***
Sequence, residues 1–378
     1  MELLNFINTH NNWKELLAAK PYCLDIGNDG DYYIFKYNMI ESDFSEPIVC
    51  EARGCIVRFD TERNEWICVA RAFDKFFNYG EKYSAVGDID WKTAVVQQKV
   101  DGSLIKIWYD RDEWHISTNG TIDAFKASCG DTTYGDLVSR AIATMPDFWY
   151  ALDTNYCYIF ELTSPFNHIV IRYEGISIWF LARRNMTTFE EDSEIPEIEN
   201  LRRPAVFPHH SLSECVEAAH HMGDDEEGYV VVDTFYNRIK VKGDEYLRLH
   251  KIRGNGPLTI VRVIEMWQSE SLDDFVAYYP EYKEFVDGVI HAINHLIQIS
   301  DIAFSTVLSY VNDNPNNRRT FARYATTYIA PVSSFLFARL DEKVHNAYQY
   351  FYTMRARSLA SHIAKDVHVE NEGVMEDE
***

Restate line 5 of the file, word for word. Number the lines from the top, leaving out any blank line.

   151  ALDTNYCYIF ELTSPFNHIV IRYEGISIWF LARRNMTTFE EDSEIPEIEN